After all the machining is performed, the engine can be reassembled in the reverse order that it was torn down.
Of course, I encourage you to follow traditional engine building practices. Clean all sealing surfaces before assembly and installation of any gaskets or sealant, and remember to lubricate all the engine’s internal moving parts and bearings during reassembly.
This Tech Tip is From the Full Book, HOW TO REBUILD FORD POWER STROKE DIESEL ENGINES 1994-2007. For a comprehensive guide on this entire subject you can visit this link:
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Step-1: Paint the Block
After machining and cleaning the block, mask off all of the internals of the block and paint the block. VHT Paints (a division of Duplicolor) offers a wide range of colors for a variety of applications. The paint is very durable and stands up to the high heat of Diesel components.
Step-2: Reinstall Galley Plugs
One of the critical things to do at this time is to make sure all of the galley plugs that were removed to clean the block passages are reinstalled.
Step-3: Install Cam Bearings
At this time, new cam bearings can be installed. When tearing down a Diesel you may notice that all the cam bearings look worn down to the copper layer of the bearing. This is normal and a lot of re-builders choose not to replace the cam bearings unless the engine was exposed to other detrimental issues.
Step-4: Prepare Oil Cooler Assembly
Take apart, clean, and re-seal the oil cooler. Take the time to paint the oil cooler with VHT paint also.
Step-1: Check Bearing Clearances
In order to perform the proper rebuild, check the bearing clearances. Main bearing clearance should be somewhere between .002 to .0035 inch.
Step-2: Choose Engine Bearings (Torque Fasteners)
ACL bearings have provided quality bearings for the OEMs for more than 50 years. For the Power Stroke engine, ACL offers a Duraglide series, which is manufactured of copper, lead, and tin for heavy-duty service and wear.
Step-3: Install Piston Oilers
Before installing the crankshaft, make sure to install the piston oilers in the main webbing of the block. Apply Loctite 271 to the threads of the bolts to properly secure them.
Step-4: Install Crankshaft
Install the crankshaft and properly torque the main bearing bolts.
These examples give you an idea of how much material on each end of the connecting rod was removed in order for the assembly to be balanced.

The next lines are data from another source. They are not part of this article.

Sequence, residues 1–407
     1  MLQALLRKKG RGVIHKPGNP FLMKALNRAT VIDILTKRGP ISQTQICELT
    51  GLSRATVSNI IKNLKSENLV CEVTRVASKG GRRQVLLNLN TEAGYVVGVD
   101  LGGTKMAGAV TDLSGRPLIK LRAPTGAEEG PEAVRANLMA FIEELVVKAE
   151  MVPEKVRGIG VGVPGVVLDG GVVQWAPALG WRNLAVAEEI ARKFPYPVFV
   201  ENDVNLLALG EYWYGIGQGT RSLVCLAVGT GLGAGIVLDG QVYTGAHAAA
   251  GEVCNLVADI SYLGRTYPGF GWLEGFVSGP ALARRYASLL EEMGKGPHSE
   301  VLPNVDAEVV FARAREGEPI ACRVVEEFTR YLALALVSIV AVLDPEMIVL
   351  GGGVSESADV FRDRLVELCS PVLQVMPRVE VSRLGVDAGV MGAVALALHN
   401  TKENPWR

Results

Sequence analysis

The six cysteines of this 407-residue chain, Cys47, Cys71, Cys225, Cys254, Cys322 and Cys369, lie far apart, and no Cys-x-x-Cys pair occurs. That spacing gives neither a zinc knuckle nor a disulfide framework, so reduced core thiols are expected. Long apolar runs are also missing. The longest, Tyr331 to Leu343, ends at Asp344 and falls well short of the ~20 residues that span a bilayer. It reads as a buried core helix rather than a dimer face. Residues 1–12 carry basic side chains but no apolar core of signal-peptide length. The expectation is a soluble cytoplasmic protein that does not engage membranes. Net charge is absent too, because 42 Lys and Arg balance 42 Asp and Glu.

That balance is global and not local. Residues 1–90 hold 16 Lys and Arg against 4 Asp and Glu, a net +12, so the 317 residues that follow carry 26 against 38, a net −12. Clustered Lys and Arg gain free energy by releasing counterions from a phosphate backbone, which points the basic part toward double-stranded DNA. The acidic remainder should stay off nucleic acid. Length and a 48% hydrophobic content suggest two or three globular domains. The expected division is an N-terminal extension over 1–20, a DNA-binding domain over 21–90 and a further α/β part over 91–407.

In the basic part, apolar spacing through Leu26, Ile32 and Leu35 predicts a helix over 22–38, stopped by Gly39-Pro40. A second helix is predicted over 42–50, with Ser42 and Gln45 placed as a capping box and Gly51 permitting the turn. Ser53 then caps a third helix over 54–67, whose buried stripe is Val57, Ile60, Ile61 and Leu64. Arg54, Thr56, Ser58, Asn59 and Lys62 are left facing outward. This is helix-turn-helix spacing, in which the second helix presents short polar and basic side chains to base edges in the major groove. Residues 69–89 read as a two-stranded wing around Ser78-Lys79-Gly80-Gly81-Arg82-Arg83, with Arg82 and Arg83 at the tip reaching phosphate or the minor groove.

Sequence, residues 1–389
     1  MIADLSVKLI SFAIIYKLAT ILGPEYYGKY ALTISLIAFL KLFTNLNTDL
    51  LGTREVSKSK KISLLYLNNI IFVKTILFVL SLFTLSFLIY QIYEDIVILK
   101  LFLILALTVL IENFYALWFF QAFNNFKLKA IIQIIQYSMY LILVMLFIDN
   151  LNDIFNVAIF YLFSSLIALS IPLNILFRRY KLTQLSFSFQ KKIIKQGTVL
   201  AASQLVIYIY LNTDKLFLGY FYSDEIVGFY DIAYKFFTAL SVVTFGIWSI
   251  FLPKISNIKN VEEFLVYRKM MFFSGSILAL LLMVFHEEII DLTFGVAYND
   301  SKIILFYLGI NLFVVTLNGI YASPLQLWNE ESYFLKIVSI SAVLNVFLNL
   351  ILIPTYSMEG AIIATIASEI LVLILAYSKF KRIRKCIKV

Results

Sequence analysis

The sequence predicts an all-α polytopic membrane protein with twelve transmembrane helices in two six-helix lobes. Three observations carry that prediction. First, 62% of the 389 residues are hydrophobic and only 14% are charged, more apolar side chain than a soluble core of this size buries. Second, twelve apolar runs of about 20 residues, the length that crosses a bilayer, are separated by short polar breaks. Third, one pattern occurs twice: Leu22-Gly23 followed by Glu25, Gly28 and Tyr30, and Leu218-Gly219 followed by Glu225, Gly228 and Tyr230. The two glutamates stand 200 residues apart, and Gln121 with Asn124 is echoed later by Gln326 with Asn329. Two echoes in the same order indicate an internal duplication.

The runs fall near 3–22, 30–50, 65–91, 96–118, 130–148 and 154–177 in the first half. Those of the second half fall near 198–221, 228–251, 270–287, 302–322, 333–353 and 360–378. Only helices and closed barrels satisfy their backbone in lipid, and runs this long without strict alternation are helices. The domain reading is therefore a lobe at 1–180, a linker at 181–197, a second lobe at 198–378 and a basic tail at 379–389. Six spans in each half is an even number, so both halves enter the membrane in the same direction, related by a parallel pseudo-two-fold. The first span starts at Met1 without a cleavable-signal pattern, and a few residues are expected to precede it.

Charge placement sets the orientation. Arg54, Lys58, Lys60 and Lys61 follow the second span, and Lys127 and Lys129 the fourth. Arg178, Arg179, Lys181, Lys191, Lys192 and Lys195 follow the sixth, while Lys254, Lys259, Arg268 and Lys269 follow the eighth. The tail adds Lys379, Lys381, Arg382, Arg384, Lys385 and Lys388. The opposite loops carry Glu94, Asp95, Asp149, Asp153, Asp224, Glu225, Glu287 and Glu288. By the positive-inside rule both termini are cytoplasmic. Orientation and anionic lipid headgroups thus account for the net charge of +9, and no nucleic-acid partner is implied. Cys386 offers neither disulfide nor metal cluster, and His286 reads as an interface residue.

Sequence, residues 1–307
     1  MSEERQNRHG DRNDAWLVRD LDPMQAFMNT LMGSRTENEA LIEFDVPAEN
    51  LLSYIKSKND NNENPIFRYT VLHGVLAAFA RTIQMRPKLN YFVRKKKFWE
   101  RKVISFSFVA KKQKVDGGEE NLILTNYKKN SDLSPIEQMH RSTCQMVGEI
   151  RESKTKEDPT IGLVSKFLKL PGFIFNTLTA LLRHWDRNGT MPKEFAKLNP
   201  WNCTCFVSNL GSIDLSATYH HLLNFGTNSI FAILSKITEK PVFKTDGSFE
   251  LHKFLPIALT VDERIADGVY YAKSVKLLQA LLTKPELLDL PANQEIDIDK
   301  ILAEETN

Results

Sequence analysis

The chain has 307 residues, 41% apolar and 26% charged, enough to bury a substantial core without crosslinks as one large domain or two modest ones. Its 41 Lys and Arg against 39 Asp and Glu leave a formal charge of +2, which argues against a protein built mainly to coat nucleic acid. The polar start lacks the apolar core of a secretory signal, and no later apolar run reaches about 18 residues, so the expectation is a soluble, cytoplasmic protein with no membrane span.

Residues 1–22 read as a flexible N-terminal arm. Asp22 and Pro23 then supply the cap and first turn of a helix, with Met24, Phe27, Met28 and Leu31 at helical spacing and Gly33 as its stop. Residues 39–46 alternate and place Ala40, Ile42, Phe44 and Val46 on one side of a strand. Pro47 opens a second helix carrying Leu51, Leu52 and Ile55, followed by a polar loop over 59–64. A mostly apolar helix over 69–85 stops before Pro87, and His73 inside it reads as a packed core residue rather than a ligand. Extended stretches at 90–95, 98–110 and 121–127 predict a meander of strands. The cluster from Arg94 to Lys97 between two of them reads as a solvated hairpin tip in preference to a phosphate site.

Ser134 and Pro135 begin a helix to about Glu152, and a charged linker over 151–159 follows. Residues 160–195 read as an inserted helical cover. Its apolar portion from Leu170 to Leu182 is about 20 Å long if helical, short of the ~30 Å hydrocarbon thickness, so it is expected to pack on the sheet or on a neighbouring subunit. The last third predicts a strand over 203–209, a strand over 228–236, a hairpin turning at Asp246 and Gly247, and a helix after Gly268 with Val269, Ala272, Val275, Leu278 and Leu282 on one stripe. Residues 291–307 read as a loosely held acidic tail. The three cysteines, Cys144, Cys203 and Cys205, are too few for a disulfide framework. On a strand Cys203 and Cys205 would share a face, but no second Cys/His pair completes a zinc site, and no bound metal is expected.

Step-1: Install Pistons on Rods
Lubricate the wrist pins with oil and assemble the pistons to the rods. Make sure to place the piston bowl toward the cam side for the 7.3.
Mahle pistons are provided with Perfect Circle rings. Perfect Circle has been manufacturing rings for heavyduty applications for more than 30 years. The top ring is barrel-faced for better seal and quicker breakin, the second ring is a reverse twist for better oil control, and the oil ring is chemically polished for better oil drainback and has a 20-degree gear angle to ensure side seal. All rings are packaged for their correct location on the piston.
Step-2: Inspect Ring Gap
Before installing the rings onto the pistons, take the time to make sure the rings are properly gapped for the application. Rings are packaged with information regarding the acceptable clearance.
Step-3: Verify Bearing Clearance
A cheap way to ensure the proper bearing clearance is to use an inside micrometer. This can be used to measure for proper bearing clearance.
Step-4: Install Pistons
Install the piston rings onto the piston and lightly oil them. Place the rings in the proper position on the piston and install the pistons in the bore with a piston ring squeezer.
Camshaft and Lifters
Step-1: Install Camshaft
Install the camshaft into the block and line up the marks on the camshaft with the crankshaft.
Step-2: Install Lifters and Hold-Downs
After the camshaft is installed and aligned with the crankshaft, the lifters and the lifter hold-downs can be installed in the block. Use Loctite 271 on the threads of the lifter hold-down bolts.
Step-1: Reassemble Valvesprings
Luricate the valve stems with oil and insert the valves into the heads. Install new seals and reassemble the valvesprings.
Step-2: Select Head Bolts (Save Money)